Building successful lives, one play activity at a time

January 09, 2020

Students here are making great gains in social skills development, by practicing play skills at school. Let’s all give them our applause for such great learning!


Practicing play skills takes many forms, and leads to wonderful gains. This group of preschooler has grown so much this year in their ability to play with toys together in a group, to take turns, to give a toy or item to another person, and so much more!

*We are always thankful for donations and grants that help support and expand our programming resources for social skills development!  


One of our most important programming areas is Social Skills Development.

Learning to play, to be with other children, to take turns, play with toys the way they’re intended to be played with, to share… these are some of the skills that are foundations of success in school, families and work later on.

Sometimes a child needs lots of teaching in order to know how to play. Teachers and therapists work consistently, sometimes using modeling strategies, or visual strips with steps of what to do with the toy.

For example, playing with legos. Perhaps a child had previously lined up the legos along a wall, whereas the function of them is to build. The teacher might teach this skill by starting with telling the child to “build,” then modeling it by putting one lego upon another, then asking the student again to “build.” Once the individual has acquired what to do with just 2 legos, the teacher would add a third lego and then a fourth, and so on until they are building and playing with a whole lot of legos. This is the work of ABA, to break the skill down and let the child learn at his or her own pace, always reinforcing their progress.

Thus, when a child who has not been independent before with a play skill gets a toy and plays independently, it is a really big deal. The Room 3 team was greatly excited and proud of a student who has been working on independent play with legos, who recently became successful with this significant skill!

6.4.2019 Play skills are among the building blocks of civilization, are they not?

And with opportunities for play, our teachers and therapists address many of the goals our students are working on in the areas of interaction, following directions, motor activity, and more.

“Play is the beginning of knowledge.”  George Dorsey, American anthropologist and ethnographer.

At Crossroads Center for Children, there are many different classrooms and therapy settings. Targeted play and social skills are incorporated throughout the day in a variety of ways, such as centers, group games, and often as part of an academic or conceptual lesson.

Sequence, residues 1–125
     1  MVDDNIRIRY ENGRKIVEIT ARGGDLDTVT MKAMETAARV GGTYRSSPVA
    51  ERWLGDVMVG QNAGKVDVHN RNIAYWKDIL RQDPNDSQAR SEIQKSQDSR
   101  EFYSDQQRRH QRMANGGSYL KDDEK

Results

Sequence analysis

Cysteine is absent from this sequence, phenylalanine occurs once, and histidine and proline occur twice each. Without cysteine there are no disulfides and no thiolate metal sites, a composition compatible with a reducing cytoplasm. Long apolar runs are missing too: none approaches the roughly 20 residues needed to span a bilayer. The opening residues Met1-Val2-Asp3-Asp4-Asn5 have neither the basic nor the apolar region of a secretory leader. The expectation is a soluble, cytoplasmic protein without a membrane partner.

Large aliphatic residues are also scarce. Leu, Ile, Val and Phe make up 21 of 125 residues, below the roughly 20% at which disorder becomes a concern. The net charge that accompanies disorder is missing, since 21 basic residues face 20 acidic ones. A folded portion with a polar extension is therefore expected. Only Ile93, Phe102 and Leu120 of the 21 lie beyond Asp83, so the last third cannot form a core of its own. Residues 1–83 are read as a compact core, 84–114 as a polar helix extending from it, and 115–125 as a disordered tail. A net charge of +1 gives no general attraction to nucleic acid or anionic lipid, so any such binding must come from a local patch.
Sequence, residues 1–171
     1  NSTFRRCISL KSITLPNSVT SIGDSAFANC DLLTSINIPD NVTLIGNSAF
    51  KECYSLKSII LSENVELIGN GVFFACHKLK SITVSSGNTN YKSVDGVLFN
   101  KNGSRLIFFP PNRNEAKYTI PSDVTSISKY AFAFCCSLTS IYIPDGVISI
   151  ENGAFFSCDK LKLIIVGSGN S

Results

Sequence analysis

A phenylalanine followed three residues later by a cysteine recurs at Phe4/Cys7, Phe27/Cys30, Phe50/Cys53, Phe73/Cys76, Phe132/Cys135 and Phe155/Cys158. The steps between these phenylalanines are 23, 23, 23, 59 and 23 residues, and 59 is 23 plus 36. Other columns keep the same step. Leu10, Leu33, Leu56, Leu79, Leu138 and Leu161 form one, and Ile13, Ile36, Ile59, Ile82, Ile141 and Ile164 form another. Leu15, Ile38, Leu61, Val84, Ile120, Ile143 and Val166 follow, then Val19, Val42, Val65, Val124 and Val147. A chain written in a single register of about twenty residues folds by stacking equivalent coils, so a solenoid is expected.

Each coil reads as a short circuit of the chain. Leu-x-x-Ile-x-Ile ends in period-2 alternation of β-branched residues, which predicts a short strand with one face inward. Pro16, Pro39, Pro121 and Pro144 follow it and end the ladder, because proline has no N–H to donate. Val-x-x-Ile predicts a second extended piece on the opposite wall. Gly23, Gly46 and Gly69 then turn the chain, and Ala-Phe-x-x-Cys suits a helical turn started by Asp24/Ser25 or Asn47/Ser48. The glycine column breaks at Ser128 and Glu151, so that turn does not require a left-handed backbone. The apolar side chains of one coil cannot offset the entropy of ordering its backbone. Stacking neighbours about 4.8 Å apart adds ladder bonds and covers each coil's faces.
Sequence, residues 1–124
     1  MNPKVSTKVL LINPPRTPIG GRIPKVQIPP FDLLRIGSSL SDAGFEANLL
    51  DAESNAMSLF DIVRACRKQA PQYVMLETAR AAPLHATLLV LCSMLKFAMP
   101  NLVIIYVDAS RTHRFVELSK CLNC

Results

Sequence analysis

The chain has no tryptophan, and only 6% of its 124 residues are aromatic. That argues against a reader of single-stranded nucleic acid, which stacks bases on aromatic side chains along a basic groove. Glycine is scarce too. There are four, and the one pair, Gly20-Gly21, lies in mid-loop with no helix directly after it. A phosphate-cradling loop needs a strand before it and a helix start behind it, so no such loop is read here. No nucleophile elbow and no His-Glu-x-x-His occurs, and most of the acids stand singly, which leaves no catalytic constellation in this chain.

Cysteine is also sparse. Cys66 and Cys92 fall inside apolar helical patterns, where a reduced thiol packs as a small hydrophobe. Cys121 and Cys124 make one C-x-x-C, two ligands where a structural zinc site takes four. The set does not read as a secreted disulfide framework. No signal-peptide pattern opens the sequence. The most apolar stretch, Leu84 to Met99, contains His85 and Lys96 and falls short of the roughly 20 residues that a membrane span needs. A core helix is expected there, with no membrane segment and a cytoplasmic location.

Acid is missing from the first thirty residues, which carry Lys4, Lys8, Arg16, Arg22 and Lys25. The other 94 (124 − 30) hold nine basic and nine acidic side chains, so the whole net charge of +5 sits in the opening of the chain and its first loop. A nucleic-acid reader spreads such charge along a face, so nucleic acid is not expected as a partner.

Toys and favorite play activities are frequently and strategically used as reinforcers for good working. Building on these moments of inter-connection, staff members grasp moments to expand on current interests, and pave the way for new understanding and skills. Opportunities to expand pretend skills and the fun of being silly together are part of the magic.

Engaging children in play situations happens in many ways. The moments captured here allow us a glimpse of some of the teaching techniques used. Depending upon the individual needs of each child, teachers and therapists will use strategies such as shadowing, modeling, hand-over-hand assistance, proximity, and verbal prompting.

It’s also important to build on a solid foundation, so teachers spend the time and attention to break down skills into parts that are manageable for the individuals they are working with.


Kids learn from adults and from the other kids they are with. Teachers often put certain students together in center groups in order that they can learn from each other. At Crossroads you’ll also find that the grown-ups play and interact with their students, modeling the skills desired.

Play skills are among the building blocks of civilization, because this is the arena wherein people learn to ask for a turn, share with others, share information, act as a member of a group, and form bonds with other people. In their own homes and communities these skills lead well to life skills, school skills, and job skills.

If you’re looking for ideas of activities and ways that our therapists and teachers use to build all manner of skills with the students here at Crossroads, read some of our other posts. As always, we welcome comments on things that are working well for you, too.

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